Taiwan's once-booming textile industry entered this decade in need of a wake-up call, with global competition having reduced exports by over a third. But one firm has received a boost from a surprising source: coffee.
The S. Cafe fabric, made by small firm Singtex Industrial, incorporates recycled coffee grounds from Starbucks and 7-Eleven, and has proved a hit with heavyweight international brands including Nike and North Face.
AdvertisementIndustry figures say the fibre -- more than three years in development, and sold under the slogan 'Drink it, wear it' -- shows how the sector might reinvent itself as green, savvy, and even cool.
"S. Cafe fibre marks a technological breakthrough in the company's research and development," said Jason Chen, the company's 50-year-old chairman, who drinks four cups of coffee a day.
Taiwan's textile exports peaked in 1997 with a value of $16.7 billion, but since then, overseas shipments have been declining, as the island's wages have gone up while tough and nimble rivals have emerged in China.
Partly due to the global crisis, exports hit a nadir of $9.4 billion in 2009, according to figures compiled by Taiwan Textile Research Institute, a semi-official industry research unit.
Yet Frank Hsu, deputy secretary-general of the Taiwan Textile Federation, insists this is not the end of the story.
"The textile industry is by no means a 'sunset industry'," he said. "Rather, the sun is right above our heads."
The island's textile sector, in which 4,000 companies now employ some 190,000 workers, needs a renaissance, but it may not be easy -- and it definitely will not be cheap.
Singtex spent Tw$50 million ($1.7 million), or around one third of its capital, to develop its new fabric, which contains about two percent coffee extracts, with the rest polyester or nylon. But the investment has paid off.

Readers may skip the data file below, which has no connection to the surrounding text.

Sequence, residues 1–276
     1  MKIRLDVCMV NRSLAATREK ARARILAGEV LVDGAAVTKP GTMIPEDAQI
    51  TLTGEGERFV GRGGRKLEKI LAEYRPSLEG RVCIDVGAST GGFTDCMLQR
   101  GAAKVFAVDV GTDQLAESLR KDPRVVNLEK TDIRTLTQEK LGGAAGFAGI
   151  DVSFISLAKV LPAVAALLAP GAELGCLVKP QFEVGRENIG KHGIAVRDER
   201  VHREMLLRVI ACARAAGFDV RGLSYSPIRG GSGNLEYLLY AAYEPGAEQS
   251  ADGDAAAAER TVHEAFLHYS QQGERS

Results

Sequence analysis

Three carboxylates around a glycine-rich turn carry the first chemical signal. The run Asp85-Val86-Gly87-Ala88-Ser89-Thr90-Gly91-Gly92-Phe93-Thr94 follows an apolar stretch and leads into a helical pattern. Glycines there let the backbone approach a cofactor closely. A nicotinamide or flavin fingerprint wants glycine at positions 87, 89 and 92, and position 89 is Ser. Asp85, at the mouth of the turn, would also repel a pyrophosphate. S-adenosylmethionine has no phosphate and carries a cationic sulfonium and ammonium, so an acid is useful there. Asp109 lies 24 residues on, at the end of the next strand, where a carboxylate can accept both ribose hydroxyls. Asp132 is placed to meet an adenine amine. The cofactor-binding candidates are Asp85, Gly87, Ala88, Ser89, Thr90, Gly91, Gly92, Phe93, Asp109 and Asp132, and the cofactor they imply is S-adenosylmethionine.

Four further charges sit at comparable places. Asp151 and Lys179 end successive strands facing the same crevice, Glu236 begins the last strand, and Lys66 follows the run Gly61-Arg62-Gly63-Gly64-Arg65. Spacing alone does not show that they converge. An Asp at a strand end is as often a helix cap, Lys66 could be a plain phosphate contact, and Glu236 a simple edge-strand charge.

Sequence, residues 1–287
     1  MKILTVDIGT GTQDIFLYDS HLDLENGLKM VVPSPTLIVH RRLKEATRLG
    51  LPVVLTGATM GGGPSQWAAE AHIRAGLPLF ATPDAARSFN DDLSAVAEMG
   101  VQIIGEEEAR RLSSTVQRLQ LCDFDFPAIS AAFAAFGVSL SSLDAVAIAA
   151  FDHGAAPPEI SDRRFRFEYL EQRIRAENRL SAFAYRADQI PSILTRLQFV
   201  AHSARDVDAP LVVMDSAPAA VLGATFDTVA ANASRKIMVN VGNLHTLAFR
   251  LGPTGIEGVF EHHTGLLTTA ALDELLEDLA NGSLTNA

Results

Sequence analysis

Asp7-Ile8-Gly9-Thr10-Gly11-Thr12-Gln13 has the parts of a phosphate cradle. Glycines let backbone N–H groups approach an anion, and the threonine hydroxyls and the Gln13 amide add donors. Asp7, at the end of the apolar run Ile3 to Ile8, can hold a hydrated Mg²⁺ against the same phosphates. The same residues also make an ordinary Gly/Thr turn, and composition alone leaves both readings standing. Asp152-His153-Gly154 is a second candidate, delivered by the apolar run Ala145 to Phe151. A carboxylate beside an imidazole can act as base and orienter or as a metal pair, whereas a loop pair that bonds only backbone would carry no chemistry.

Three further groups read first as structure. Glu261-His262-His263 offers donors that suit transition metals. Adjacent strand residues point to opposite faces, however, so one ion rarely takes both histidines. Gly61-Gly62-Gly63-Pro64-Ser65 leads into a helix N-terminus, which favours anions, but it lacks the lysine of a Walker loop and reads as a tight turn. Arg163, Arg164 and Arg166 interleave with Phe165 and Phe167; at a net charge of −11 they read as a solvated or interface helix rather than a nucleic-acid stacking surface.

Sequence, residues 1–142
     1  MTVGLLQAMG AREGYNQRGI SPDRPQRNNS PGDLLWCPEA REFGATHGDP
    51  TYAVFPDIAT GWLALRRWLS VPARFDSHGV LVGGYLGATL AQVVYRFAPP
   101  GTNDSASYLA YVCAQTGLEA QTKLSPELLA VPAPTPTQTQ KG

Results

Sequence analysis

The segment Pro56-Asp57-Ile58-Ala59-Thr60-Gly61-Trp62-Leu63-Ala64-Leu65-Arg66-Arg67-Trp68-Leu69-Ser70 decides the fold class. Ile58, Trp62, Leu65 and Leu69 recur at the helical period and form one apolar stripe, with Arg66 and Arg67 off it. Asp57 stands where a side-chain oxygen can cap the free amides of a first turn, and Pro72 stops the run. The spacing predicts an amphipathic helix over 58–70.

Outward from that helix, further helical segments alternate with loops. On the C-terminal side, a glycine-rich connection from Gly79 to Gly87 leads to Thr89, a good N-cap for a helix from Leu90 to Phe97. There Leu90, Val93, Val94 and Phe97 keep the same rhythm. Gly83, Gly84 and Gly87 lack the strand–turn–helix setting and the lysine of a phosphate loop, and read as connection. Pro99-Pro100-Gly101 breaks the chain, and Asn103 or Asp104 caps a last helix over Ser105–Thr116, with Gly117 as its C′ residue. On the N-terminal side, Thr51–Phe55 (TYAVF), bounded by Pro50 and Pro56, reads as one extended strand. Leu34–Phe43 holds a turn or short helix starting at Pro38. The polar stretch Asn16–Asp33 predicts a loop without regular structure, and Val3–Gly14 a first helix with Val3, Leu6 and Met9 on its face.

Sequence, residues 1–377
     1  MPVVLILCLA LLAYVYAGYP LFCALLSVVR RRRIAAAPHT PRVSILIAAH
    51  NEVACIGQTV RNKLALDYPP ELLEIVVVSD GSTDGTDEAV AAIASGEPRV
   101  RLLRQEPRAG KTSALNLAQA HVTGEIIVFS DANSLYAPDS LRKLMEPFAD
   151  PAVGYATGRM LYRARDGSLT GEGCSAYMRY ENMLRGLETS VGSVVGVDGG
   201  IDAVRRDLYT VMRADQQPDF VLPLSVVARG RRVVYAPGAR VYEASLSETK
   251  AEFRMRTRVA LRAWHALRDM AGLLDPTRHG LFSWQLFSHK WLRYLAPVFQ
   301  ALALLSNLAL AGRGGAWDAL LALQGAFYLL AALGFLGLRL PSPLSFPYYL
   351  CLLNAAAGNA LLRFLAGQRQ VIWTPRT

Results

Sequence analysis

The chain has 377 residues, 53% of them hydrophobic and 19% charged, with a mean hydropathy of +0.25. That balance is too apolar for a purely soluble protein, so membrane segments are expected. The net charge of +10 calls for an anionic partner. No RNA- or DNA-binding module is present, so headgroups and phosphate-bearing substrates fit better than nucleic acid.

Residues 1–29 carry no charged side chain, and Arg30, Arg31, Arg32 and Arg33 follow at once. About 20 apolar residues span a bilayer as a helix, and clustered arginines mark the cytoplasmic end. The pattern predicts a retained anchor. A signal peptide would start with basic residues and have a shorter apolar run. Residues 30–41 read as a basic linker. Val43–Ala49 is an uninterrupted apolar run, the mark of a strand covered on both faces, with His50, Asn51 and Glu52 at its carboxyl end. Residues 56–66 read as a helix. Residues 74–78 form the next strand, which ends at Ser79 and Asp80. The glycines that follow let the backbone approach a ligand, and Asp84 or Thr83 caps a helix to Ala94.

S. Cafe revenues came in at around Tw$100 million in 2010, and sales from fibre-related businesses have hit Tw$170 million in the five months to May, accounting for 20 percent of the company's revenues.
The addition of coffee grounds helps to control odours and protect against UV rays, as well as enabling the fabric to dry faster. But too much would make the fibres snap easily -- meaning the process had to be finely calibrated.
The results have created a buzz. US outdoor footwear and apparel giant Timberland describes a jacket using the fabric as "our most environmentally conscious performance jacket ever".
Altogether, Singtex supplies fabric to nearly 70 globally noted brands, from Germany's Puma to Japan's Mizuno.
Its secret was to help those firms make environmental concerns part of their corporate image.
"This is a smart marketing strategy. It speaks directly to the hearts of environmentally conscious consumers," said Yin Cheng-ta, an official from the Taiwan Textile Research Institute.
As the industry seeks fresh vitality, Singtex's success is remarkable, but not unique. Inventiveness has become a necessity for companies who have not moved their production to low-cost areas in China and Southeast Asia.
Several firms have branched out into creating fine fibres, with companies including Nan Ya Plastic Co., Zig Sheng Ind Co and Chain Yarn Co producing yarns with less than five deniers -- compared with a normal 75 deniers.
"Cloth made of such yarns is so fine that it is usually described as 'second skin' -- it's almost like the skin of babies," Yin said.
Cloth made of such fine yarns sells for around five US dollars a yard, compared with 1.0-2.0 US dollars for normal cloth.
But the dyeing and manufacturing processes are so demanding that only a few countries, such as Italy and Taiwan, produce the cloth, he added.
Hsu, of the Textile Federation, said he was optimistic about the outlook for the industry despite the drop in volumes. Profit margins are currently a healthy 20 percent, he said.
Still, Singtex's Chen said that innovation is a challenge for small textile businesses on the island, which spend an average 1.7 to 2.0 percent of their yearly revenues on research compared with Singtex's 3.5 percent spend.
"Maintaining the niche isn't easy," he said.
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